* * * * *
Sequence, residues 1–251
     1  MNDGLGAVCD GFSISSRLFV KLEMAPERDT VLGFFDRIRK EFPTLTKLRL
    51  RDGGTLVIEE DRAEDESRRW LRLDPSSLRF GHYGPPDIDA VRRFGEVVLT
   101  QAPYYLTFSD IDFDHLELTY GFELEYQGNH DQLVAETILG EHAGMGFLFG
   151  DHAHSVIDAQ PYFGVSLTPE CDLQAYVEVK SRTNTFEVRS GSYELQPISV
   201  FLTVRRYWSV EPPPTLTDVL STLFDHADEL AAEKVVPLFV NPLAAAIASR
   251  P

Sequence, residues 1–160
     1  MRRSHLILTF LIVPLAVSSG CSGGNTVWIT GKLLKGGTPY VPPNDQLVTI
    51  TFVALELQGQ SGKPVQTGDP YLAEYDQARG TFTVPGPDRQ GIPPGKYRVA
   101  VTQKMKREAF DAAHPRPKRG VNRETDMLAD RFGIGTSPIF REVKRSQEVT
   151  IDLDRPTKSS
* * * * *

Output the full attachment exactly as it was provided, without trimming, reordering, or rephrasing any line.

Sequence, residues 1–251
     1  MNDGLGAVCD GFSISSRLFV KLEMAPERDT VLGFFDRIRK EFPTLTKLRL
    51  RDGGTLVIEE DRAEDESRRW LRLDPSSLRF GHYGPPDIDA VRRFGEVVLT
   101  QAPYYLTFSD IDFDHLELTY GFELEYQGNH DQLVAETILG EHAGMGFLFG
   151  DHAHSVIDAQ PYFGVSLTPE CDLQAYVEVK SRTNTFEVRS GSYELQPISV
   201  FLTVRRYWSV EPPPTLTDVL STLFDHADEL AAEKVVPLFV NPLAAAIASR
   251  P

Sequence, residues 1–160
     1  MRRSHLILTF LIVPLAVSSG CSGGNTVWIT GKLLKGGTPY VPPNDQLVTI
    51  TFVALELQGQ SGKPVQTGDP YLAEYDQARG TFTVPGPDRQ GIPPGKYRVA
   101  VTQKMKREAF DAAHPRPKRG VNRETDMLAD RFGIGTSPIF REVKRSQEVT
   151  IDLDRPTKSS